Ash Dieback
Experts predict that we potentially might lose up to 95% of our ash trees in the UK, which will have a devastating impact on the landscape and the biodiversity of our woodlands.

Ash trees are the third most common tree in Britain after oak and birch, with circa 80 million ash trees in the UK.

Ash Dieback, also known as Chalara, is caused by a fungus called Hymenoscyphus fraxineus (The fungus was previously called Chalara fraxinea, hence the name of the disease.) This fungus affects the vascular system of ash trees, inhibiting the tree’s ability to draw nutrients up into its upper branches. Young ash trees are killed very rapidly by the disease. Older trees often resist the disease for longer periods but will succumb with prolonged exposure.

What to look for?

Ash dieback can affect ash trees of all ages. Younger trees succumb to the disease quicker, but in general, all affected trees will show the following symptoms:

Ash dieback – how to recognise symptoms in summer - YouTubeAsh dieback: Forestry companies blame 'chaotic' import system ...

  • Leaves develop dark patches in the summer.
  • They then wilt and discolour to black. Leaves might shed early.
  • Dieback of the shoots and leaves is visible in the summer.
  • Lesions develop where branches meet the trunk. These are often diamond-shaped and dark brown.
  • Inner bark looks brownish grey under the lesions.
  • New growth from previously dormant buds further down the trunk. This is known as epicormic growth and is a common response to stress in trees.

Experts predict that we potentially might lose up to 95% of our ash trees in the UK. This will have a devastating impact on the landscape and the biodiversity of our woodlands, as well as a major loss in habitats, when hedges and individual trees outside of our woodland environments are lost.

Chalara spreads through woodlands via wind dispersal, however the movement of diseased ash trees is likely to be the cause of spread over longer distances. Movement of infected logs, leaf litter and sticks of Ash may also spread the disease.

What to do if you suspect Ash Dieback is on your land?

Infected ash trees should be left where possible. Dead ash trees remain a vital habitat for many species including birds, beetles, and lichens. However, where affected trees pose a threat to the public, for example close to footpaths and bridleways, or to infrastructure such as buildings, roads, and powerlines, then trees will have to be removed.

For Landowners or Woodland Owners with trees that are located within striking distance of a public highway or footpath, then it is important that a Roadside tree survey is in place. The aim being to identify trees at risk and prioritise works (Urgent, High, Medium, or low categories) depending upon the significance of the defects. It is good practice to regularly review the survey report and update when tree works have been completed.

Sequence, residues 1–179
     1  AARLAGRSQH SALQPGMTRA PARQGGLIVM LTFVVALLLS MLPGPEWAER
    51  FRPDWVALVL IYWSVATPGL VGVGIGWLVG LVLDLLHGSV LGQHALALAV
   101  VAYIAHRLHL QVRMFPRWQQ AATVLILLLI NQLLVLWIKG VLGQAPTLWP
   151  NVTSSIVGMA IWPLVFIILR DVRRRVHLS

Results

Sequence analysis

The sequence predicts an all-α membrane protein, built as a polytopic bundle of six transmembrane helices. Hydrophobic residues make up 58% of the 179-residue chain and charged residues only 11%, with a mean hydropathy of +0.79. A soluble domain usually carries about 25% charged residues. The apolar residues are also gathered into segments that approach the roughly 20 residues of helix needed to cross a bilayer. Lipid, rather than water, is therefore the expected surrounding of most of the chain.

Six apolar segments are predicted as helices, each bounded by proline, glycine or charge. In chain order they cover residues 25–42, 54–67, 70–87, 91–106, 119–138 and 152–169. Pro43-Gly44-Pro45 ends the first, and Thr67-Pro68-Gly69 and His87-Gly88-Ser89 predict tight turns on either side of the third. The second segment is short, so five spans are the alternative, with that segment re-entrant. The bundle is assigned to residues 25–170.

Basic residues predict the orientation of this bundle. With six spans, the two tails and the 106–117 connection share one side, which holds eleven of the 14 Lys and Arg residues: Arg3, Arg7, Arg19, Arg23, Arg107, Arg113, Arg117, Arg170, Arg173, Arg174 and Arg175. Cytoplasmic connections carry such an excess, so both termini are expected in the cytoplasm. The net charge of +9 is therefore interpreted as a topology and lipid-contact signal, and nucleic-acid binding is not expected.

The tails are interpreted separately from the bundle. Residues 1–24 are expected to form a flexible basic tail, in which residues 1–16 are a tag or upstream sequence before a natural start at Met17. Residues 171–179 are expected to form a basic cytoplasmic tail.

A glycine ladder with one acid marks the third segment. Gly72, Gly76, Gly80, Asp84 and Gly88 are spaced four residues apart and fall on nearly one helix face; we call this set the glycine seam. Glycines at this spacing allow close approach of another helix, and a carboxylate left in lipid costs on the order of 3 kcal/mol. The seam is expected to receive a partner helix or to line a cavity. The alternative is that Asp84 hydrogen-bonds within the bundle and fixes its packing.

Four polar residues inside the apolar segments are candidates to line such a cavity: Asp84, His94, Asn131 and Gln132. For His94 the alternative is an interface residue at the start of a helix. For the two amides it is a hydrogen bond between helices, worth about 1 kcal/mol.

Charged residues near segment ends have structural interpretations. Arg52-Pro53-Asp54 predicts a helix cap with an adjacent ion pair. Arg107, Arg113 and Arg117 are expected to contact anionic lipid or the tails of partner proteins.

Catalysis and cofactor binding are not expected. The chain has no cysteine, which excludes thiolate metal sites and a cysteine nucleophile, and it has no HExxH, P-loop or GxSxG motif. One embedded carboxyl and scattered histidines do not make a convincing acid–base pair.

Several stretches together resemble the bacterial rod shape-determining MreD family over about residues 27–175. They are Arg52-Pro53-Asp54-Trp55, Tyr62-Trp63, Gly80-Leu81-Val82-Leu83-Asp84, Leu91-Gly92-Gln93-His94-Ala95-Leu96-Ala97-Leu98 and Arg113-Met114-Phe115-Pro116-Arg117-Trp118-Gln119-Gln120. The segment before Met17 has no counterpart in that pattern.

Prioritising the roadside tree management allows landowners to budget for tree works whilst managing the liability.

Public Liability –it is important to assess whether there is a suitable level of Public Liability insurance in place. Cover of £10 million is becoming more common place within Farm & Estate policies, however where there is significant public access, then due consideration should be given as to whether this level of cover should be increased to £20 million to manage the increased risk and liability.

Report Suspected cases to the Forestry Commission 0131 314 6414 plant.health@forestry.gsi.gov.uk

The predicted cost of managing the disease is enormous, with figures from the Woodland Trust suggesting as much as £15 billion required to cover the practical expense of clearing up dead and dying trees, plus the massive natural loss of air purification.

Is there any natural disease tolerance?

There is some hope.  Initial findings suggest that some trees might have a tolerance to ash dieback, allowing for a recovery in Ash numbers, however this is only likely to be over the mid to long term.

Unfortunately, tolerance to the disease is complex, due to the genetic traits, the health of the tree and the unknown quantity of ask die back spores in the atmosphere.

There is an interactive map on the Tree Alert website which identifies if you are in an area that has no recorded sightings of Dieback. However, if you have seen signs of the symptoms in your Ash trees then contact the Forestry Commission or the Woodland Trust.

Firewood

Ash remains popular with firewood merchants and timber buyers, with roadside firewood prices remaining resilient. Some Woodland owners have taken the view that if the majority of their Ash is likely to suffer from Chalara, then their view is to “fell and sell” to the firewood market and make some financial return, before the timber becomes completely rotten.

  • Roadside Firewood - £45-55/t
  • Pure Ash - £50 – 58/t – subject to Grade of Firewood
  • Hardwood Chip - £40- £45 / t subject to species

Grants

There is support under Plant Health for re-stocking woodland compartments that have suffered as a result of Ash Die back. In order to access the grants available, it is a requirement for an approved Woodland Management Plan to be in place and identify that Chalara has been confirmed on the site by the Forestry Commission or Animal and Plant Health Agency.

The grant pays a unit rate for a tree in a shelter of £2.88, to a maximum of £3,500/ha on Ancient Semi Natural Woodland (ASNW) for restocking with native species (£1,750 for non-native) and all other sites with native stocking up to £2,750/ha for native species (£2,250/ha) for non-native.

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